No one attended the virtual march, but holograms of protesters were projected outside parliament in Madrid instead.
Activists have recently launched a petition against the Citizen Safety Law, which has been called the “gag law” by opposition groups and the media, saying it “restricts citizens’ liberties, and criminalizes their right to protest.”
“To respond to this injustice” activists behind the “Hologramas para la Libertad” movement said they “saw the need to carry out a different kind of protest that would allow our demands to become unstoppable: the first hologram protest in history.”
The draconian law, which was passed in the lower house of parliament in December, gives sweeping powers to the authorities. It makes it illegal to protest outside government buildings, insult police officers or refuse to show identification documents.
On top of that, there’s also a €600 fine for showing a lack of respect to anyone in uniform, while the photographing or filming of police officers, where they could be put in danger, will incur a €30,000 fine.
From now on the government can basically prohibit any protest if it fears order would be disrupted. People have to seek permission from the authorities to protest publicly. Any unauthorized protests outside buildings that provide basic services to the community will incur a fine of up to €600,000 ($746,000).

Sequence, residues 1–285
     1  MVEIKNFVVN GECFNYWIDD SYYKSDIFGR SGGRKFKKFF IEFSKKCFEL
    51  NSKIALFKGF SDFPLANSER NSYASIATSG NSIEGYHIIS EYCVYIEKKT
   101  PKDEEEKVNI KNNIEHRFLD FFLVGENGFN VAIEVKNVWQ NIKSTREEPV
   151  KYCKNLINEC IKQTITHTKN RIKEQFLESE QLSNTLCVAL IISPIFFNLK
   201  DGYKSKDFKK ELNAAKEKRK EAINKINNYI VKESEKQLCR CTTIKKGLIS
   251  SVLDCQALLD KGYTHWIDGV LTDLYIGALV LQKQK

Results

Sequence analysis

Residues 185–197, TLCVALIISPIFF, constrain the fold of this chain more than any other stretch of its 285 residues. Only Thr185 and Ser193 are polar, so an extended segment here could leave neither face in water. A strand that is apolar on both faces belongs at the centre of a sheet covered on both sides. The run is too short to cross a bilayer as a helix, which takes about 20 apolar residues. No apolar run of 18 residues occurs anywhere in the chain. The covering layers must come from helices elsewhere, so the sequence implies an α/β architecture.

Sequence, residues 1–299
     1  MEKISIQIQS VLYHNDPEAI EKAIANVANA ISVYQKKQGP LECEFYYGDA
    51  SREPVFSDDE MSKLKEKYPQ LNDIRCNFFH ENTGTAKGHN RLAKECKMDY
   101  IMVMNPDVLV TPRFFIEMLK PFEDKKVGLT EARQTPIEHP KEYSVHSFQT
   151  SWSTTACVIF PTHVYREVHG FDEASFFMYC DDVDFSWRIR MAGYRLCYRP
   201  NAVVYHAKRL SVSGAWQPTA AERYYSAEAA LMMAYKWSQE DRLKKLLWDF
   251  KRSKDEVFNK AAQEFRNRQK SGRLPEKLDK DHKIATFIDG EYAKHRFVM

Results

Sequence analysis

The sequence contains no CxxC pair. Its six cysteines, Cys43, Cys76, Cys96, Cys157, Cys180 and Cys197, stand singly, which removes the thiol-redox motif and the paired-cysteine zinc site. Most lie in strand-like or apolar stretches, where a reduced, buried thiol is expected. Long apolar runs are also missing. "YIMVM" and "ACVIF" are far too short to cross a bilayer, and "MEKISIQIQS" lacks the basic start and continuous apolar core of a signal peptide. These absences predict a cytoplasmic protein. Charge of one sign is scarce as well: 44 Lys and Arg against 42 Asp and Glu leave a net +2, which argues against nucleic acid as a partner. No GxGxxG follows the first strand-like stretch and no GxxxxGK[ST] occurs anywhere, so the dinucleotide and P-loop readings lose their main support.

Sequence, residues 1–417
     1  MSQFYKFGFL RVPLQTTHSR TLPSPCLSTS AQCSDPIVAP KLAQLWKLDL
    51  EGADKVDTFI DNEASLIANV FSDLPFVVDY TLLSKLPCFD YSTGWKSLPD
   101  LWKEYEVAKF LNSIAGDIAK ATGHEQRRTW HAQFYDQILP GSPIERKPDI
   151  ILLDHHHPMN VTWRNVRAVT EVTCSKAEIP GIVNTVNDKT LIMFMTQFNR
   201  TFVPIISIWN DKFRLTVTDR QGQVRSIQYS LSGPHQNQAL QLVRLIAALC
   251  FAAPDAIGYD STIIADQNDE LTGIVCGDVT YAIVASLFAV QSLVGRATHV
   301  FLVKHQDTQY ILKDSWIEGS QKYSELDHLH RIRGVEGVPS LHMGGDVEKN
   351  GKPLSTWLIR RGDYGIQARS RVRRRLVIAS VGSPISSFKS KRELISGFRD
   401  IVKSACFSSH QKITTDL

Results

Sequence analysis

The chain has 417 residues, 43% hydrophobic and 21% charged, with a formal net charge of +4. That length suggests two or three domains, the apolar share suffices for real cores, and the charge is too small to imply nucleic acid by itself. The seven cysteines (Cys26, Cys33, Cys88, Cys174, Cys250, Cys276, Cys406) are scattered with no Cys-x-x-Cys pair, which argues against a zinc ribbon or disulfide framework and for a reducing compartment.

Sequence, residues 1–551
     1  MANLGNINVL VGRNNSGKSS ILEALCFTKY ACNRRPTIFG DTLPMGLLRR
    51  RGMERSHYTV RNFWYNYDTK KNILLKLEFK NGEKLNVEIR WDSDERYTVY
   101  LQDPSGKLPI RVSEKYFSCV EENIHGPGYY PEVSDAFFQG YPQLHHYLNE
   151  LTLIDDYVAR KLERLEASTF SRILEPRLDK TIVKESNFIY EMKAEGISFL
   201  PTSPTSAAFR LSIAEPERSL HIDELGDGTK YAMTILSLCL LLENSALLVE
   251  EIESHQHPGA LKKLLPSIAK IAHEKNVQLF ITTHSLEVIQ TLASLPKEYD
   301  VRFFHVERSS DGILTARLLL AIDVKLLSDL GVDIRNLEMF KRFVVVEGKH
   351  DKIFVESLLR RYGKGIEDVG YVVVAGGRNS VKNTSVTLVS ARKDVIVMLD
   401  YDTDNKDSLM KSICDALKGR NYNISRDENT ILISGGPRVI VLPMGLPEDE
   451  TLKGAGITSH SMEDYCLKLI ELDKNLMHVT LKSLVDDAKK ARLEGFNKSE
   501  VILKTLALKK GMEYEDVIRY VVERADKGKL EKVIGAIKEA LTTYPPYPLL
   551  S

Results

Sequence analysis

This covers a huge number of buildings, from universities to hospitals. The measure has been slammed by the international community in recent months since it breaks international and EU laws.
“If you are a person you can not express yourself freely, you can only do that here if you become a hologram,” a woman in the video released by the “Hologramas para la Libertad” said.
In February protesters got together in Madrid, as those demonstrating against a government decision to stiffen penalties for unauthorized demos blew whistles and banged drums before marching towards a square in the center of the capital. The organizers of the protests called for demonstrators to take to the streets in 20 other cities around Spain, AFP reported.
In December, marches took place in 30 cities around the country, with opponents of the law saying the draconian measure will take Spain back to the days of General Franco’s dictatorship.